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Emmy emeritus

Perpetual Emmy Award winning DC Examiner media columnist Jim Williams apparently tells DCRTV that:

  • Infinity and Clear Channel, two radio behemoths that have big footprints in the DC radio scene, "have expressed willingness to put together a Nats radio network . . . [f]ar more substantial than what Bonnville (which aired the games on Z104 and WFED) had in place for the 2005 season"; and,
  • "[T]he radio duo of Charlie Slowes and Dave Shea will be back next season - and will probably be the 'long term voices' of the club."
Both of these purported scoops strike me as dubious; in this respect, they are pretty consistent with Williams' track record, of course.

First, aside from some sloppy writing by DCRTV Dave, I am truly curious why Infinity and Clear Channel would work together. Both are arrogant cluster-factories, and their football outlets (WJFK-FM and WTEM-AM, respectively) often snipe at each other.

Second, you'd think that Major League Baseball, which is so "protective" of the as-yet-unnamed future ownership group's interests, would not be so presumptuous as to forfeit that group's imput on who should be the radio network's "long-term voices." The radio announcers are very important in big league baseball; even in these days of baseball saturated all over the television screen (or perhaps because of this), radio announcers still possess a singular hold over the fanbase. Whereas the TV guys are entertainment, the radio guys are companions. And so forth.

So it's nice of MLB to try to put together an actual network---with affiliates in Baltimore, Annapolis, Ocean City, Richmond, Winchester, Roanoke, Virginia Beach, and Charlottesville, among other locales---but, to get down to brass tacks . . . could they hold off a moment, before they sign Dave Shea to a long-term contract or something?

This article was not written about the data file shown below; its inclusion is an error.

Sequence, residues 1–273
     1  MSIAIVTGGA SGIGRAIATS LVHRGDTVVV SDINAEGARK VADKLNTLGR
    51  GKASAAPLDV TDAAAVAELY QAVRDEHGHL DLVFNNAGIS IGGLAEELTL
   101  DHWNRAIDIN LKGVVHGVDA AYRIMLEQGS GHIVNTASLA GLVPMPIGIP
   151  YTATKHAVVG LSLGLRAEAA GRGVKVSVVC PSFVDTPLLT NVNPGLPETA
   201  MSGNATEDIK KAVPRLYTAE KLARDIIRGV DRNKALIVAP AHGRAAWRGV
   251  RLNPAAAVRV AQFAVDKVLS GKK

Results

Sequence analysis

No offense intended to Mr. Shea, of course, who was a real sport in the first season and seems an affable enough guy. But, insofar as he's neither a fluid play-by-play guy nor an insightful analyst, I think the team can do much better for a second voice. (Charlie Slowes---BANG! ZOOM! included---is a decent first announcer, I suppose, and it's a fait accompli that he'll stick around, what with his signature phrases.) Quite simply, Shea is a bit of a dizzy listen. I don't know quite how to describe it, except that he strikes me as how I'd imagine Harry Caray's second cousin would sound: somewhat inebriated and with a rather limited baseball acumen.

This isn't to claim that Shea actually announced in a drunken state. Not at all! But there's a quality in his voice that makes me think he is, and---unless it's an established and cherished affectation, a la the late Caray---it's a bit off-putting.

At any rate, I spent an enormous amount of time on my old blog pondering radio/TV issues last offseason. I guess there wasn't much else to do (especially since I started my blog in January). This offseason is starting to shape up similarly. So, in addition to the other things I've said I'd do but haven't really done yet (e.g., Advisory Opinions), look for me to say that I'll get into the radio/TV situations.


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